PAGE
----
Friday, April 18, 2014

This Fortnight in Degen Internet (4/5-4/18)

G.O.A.T. of the Fortnight

Phil Ivey.

W.O.A.T. of the Fortnight

Joshua Longobardy, for publishing more Pregame propaganda.

Tweet of the Fortnight

The Rest

Zach Lowe hands out his NBA awards.

The SEC football "bag man" is, well, about what you'd expect.

The Rams are running an absurd contest.

Dee Gordon stole second.

Friday, April 4, 2014

This Month in Degen Internet (3/8-4/4)

G.O.A.T. of the Month

#FF the indefatigable @GroovinMahoovin.

W.O.A.T. of the Month

So many options, but have to go with the individual who made this sign.

Tweet of the Month

This Month in Pregame

The worst podcast ever created.

The most recent Pregame scam was pretty standard.

One of the funniest forum posts you will ever read.


Fuck the NCAA Tweet of the Month

This Month in Tuley

A solid month of analysis -- as always -- from Dave.

Having football reporters cover the CBB tourney is a risky proposition.

#teamINTERNETFRIENDS Tweet of the Month

The Rest

Chad stroking his chin dot gif (thanks, Nick).

An interesting Deadspin piece on Sloan.

The unintended consequences of the 2011 NBA CBA.

An interview with one of the lawyers involved in New Jersey's battle to legalize sports betting.

Why are there so many conference tournament games in Vegas, but never any NCAA tourney games?

The NFL doesn't want Madden to be *too* accurate.

Schatz lol.

Friday, March 7, 2014

This Week in Degen Internet (3/1-3/7)

And what a week it was!

G.O.A.T. of the Week

Jeff Ma, for his excellent work moderating the SSAC betting panel.

W.O.A.T. of the Week

The best part of this back-and-forth between RJ and RAS was...well, the best part was definitely when RAS done scorched the earth. But another funny aspect of it was that both sides so clearly knew the reality of the situation. Both RJ and RAS know that Pregame is not offering information of any actual value (well, no "$-based" value, at least). It's also obvious that each of them are aware that RAS's picks actually, you know, win. Yet the battle goes on, at least until RAS decides he's had enough of this nonsense.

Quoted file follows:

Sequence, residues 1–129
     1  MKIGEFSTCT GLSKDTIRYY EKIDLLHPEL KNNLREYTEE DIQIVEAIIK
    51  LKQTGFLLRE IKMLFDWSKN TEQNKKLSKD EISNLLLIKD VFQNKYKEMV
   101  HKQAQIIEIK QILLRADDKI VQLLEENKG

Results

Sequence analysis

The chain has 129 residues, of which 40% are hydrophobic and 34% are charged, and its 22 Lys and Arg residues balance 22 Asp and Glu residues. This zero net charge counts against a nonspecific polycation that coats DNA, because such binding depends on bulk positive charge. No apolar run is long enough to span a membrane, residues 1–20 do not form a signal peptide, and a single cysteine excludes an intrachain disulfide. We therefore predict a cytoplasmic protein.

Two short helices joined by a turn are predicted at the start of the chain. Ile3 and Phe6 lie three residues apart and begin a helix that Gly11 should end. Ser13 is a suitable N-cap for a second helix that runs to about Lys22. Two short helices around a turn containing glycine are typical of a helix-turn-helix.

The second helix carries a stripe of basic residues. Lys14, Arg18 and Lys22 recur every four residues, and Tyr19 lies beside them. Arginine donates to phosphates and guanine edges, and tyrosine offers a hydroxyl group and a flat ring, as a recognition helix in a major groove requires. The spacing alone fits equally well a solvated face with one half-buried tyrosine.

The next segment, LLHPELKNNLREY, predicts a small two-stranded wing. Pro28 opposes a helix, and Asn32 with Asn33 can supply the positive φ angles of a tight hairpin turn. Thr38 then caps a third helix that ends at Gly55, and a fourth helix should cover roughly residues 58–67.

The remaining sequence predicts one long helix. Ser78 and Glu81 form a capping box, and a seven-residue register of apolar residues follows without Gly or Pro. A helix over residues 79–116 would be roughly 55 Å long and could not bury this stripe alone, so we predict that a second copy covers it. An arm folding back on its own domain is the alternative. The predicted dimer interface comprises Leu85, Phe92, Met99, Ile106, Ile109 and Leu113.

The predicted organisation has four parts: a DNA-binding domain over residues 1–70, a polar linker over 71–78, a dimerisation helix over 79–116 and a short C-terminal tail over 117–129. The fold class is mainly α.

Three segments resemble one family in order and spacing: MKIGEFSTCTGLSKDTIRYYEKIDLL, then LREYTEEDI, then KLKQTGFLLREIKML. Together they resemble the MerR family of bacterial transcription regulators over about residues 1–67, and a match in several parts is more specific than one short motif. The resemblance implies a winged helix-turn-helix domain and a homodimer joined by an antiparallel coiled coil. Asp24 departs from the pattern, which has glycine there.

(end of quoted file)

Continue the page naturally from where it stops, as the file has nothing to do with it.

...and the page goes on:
Just a funny thing to keep in mind while reading through their "argument".

Tweet of the Week

The previously mentioned RAS tweet was both the best one this week and a #TotY candidate, but don't want to spoil the payoff of the Storify, so this was a good tweet as well:
The Rest

A pretty standard interaction between Chad, Scucci, RJ, and WagerMinds.

RJ shares others' tweets in a different fashion that most. This may shock you, but it's quite self-serving! Fifty-one RTs tho.

Pop gonna Pop.

MLB announced their new fielder/batted ball tracking system at Sloan. It is cool.

#FF @WagerMinds, who had some excellent RJ-related content this week, both on Twitter and his blog.

Steinberg asks Trevor Booker about Deadspin's list of top cereals. Hilarity ensues.

Colin Cowherd had some rant on his radio show the other day about how the media's coverage of sports betting is terrible. His solution? More people should talk to Chad and RJ.

Thursday, March 6, 2014

#SSAC14 Betting Panel: Chad Millman

As you may have heard, the 2014 MIT Sloan Sports Analytics Conference was in Boston this past weekend, and one of the panels focused on sports betting. Throughout the week, I'm going to be taking a look at what each of the four panelists had to say, including transcripts, related tweets, my own commentary, and (if they're eventually free) YouTube clips.

Chad Millman (Twitter, SSAC profile, ESPN Insider archive) is the Editor-in-Chief of
ESPN the Magazine, and often covers betting-related topics for both The Magazine and ESPN Insider. Prior to his ESPN gig, his most notable gambling-related credential appears to be having written this book.

Anything after a bolded name is directly transcribed from the panel itself, anything in italics is me.